Vineyard House hosted its 21st annual Water Tasting By The Sea on Thursday evening at Oyster Pond in Edgartown. While the event has taken place at a collection of different Island locations, this year’s was quite literally, by the sea.

Island philanthropist Dick Friedman donated his waterfront property for the event. Hundreds of community members gathered under the tent, enjoying hor d’oeuvres from Kitchen Porch, listening to the personal anecdotes from those impacted by Vineyard House’s work, and taking their pick of seven water varieties.

Founded in 1997, Vineyard House serves as safe place for Islanders in the earliest stages of sobriety. The campus, nestled on Short Hill Road in Vineyard Haven, is a residential community that serves 18 men and seven women. While Vineyard House does charge its occupants a subsidized rent, the residence relies on events like the Water Tasting for 35 per cent of its operating budget.

Executive director Kate Desrosiers told the crowd that the road to recovery requires a day by day, sometimes minute by minute commitment. — Jeanna Shepard

Upon arriving, guests were greeted with a mason jar.

“We’ve been sponsoring the event since 2014 and each year the glass has a different logo,” said Rockland Trust Vice President Tilma Johnson. She was joined by branch manager Veronica Fullin in passing out the glasses, each adorned with the event name in turquoise script. “Some individuals even have a little collection going,” Ms. Fullin added.

Glasses in hand, attendees filled and refilled with a selection of sparkling and still waters.

“The most popular has to be the Pellegrino,” said an event volunteer as he topped off a glass. “But we’ve really got it all. And it’s all gluten-free.”

Volunteer Bill Rankin concurred on the popularity of Pellegrino, but said he couldn’t discount the flavored waters.

Katie, an alumna, said Vineyard House had been a saving grace for her. — Jeanna Shepard

“The blueberry tangerine Polar seltzer is amazing,” he said. “Polar has a selection of limited edition flavors that are only around for the summer.”

Between sips of seltzer, guests bid on silent auction and raffle items from Island artists, restaurants and retailers. Artist Fae Kontje-Gibbs donated two of her monotypes in addition to volunteering during the event. She voiced her appreciation for Vineyard House and its staff members.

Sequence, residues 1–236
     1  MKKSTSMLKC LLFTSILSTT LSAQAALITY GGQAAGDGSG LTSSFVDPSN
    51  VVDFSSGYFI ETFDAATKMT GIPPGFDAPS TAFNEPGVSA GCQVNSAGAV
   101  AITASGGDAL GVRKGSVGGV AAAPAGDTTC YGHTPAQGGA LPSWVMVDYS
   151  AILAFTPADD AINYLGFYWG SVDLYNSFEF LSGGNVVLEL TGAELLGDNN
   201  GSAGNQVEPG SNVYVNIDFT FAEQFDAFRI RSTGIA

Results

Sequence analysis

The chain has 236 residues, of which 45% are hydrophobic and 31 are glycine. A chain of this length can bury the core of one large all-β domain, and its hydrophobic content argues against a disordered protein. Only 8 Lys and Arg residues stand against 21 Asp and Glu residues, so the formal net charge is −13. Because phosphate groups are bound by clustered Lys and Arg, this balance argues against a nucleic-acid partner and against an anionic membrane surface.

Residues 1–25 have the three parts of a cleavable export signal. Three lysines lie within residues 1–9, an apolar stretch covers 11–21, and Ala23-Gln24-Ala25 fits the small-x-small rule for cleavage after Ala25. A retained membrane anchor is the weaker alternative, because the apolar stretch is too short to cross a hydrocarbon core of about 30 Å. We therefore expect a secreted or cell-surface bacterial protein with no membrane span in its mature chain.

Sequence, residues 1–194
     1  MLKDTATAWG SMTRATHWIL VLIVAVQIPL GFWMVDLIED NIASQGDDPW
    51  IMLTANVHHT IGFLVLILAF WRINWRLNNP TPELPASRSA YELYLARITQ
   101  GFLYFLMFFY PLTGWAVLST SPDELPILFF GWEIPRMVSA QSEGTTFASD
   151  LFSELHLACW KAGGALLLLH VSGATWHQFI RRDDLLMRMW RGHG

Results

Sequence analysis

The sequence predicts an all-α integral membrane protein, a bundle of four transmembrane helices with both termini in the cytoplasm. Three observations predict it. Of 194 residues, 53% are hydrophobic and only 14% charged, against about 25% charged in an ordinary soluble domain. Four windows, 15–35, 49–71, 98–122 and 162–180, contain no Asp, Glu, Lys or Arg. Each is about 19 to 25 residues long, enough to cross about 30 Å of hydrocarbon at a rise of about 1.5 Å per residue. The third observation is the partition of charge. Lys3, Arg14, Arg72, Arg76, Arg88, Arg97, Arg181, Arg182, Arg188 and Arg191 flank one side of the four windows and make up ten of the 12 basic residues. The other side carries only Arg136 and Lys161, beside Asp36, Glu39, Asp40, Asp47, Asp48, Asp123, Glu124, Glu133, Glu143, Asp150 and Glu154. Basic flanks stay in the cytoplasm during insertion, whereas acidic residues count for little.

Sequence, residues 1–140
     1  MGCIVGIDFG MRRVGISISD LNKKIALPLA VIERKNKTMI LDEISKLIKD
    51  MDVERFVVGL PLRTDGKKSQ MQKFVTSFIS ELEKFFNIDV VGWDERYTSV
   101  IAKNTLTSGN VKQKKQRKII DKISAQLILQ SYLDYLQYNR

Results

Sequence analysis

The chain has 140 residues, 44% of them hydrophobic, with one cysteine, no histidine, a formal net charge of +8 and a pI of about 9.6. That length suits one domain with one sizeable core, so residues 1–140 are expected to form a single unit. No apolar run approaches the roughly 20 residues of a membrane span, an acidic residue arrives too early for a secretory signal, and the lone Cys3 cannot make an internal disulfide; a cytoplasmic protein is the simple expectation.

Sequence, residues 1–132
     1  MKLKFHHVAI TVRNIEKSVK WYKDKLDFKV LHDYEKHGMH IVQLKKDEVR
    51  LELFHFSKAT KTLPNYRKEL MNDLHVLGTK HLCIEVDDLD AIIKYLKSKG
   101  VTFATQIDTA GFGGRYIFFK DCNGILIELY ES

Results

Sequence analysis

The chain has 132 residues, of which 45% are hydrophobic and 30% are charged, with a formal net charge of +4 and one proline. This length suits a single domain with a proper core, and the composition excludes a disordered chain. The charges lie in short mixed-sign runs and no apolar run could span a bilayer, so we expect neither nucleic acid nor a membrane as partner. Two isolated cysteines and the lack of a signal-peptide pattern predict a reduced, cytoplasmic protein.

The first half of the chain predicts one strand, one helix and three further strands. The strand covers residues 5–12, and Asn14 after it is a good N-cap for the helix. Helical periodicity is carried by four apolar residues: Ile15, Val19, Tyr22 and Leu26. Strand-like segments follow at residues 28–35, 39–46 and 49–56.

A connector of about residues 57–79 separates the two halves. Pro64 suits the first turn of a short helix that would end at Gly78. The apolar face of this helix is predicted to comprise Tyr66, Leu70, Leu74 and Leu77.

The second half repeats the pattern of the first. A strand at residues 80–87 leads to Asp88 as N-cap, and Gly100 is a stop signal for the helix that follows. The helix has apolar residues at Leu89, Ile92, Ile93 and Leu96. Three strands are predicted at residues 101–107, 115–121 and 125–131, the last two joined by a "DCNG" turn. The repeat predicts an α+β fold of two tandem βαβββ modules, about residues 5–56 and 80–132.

“Alcoholism touches every single life. I’ve seen the suffering that it causes,” Ms. Kontje-Gibbs said. “There is a real need for a safe place for people needing to get sober.

Development committee chairman Lucy Cox proposed a new idea for this year’s tasting to encourage guests to donate. Items such as dishwashing liquid, toilet paper and coffee lined tables at the far end of the tent, each with a price tag indicating how much it costs Vineyard House per month to supply it. Guests could then select an item (or multiple) to sponsor.

“I’m one of those people that when I give money I want to know exactly where it’s going,” Ms. Cox said, gesturing towards the display. “This accomplishes that.”

Board member Karen Rankin agreed. “It’s fun, different and interactive,” she said. “And people have been extremely positive about it.”

To learn more or to donate, visit — Jeanna Shepard

Two Vineyard House alumni spoke towards the end evening. Patrick, who will celebrate his three-year sobriety anniversary on August 20, talked candidly about his difficulties with drugs and alcohol and his subsequent journey to get clean.

“I can’t say enough great things about Vineyard House,” Patrick said. “There are things that I have in my life today that I would have never expected and it’s thanks to them.” He lived at the house for two years before moving off-Island to Charleston, S.C.

Alumna Katie followed Patrick’s remarks.

“I’ve been sober since Sept. 9, 2011,” Katie said to roaring applause. “Vineyard House was a saving grace for me, and it taught me how to have compassion for other people. I stayed for one year and really didn’t want to leave.”

Executive director Kate Desrosiers concluded with her own sentiments and gratitude for Katie and Patrick’s courage to share their stories.

“Recovery for residents is every day, sometimes every hour, sometimes every minute,” she said. “I would say without a doubt I have the best job on the Island because I get to work every day with people like Patrick and Katie.”

To learn more about Vineyard House visit